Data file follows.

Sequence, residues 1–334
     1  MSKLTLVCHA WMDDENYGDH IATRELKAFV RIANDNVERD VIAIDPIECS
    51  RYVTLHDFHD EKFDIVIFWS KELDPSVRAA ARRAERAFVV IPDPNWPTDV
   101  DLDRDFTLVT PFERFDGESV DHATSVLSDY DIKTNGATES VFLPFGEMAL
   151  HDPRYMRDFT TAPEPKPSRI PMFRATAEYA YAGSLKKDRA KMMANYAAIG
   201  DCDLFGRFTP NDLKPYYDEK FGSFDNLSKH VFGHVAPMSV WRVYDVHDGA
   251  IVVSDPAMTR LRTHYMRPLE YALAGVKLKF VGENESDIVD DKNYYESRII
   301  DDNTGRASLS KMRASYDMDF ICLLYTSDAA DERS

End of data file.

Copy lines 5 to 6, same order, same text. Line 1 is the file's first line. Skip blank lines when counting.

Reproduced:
   151  HDPRYMRDFT TAPEPKPSRI PMFRATAEYA YAGSLKKDRA KMMANYAAIG
   201  DCDLFGRFTP NDLKPYYDEK FGSFDNLSKH VFGHVAPMSV WRVYDVHDGA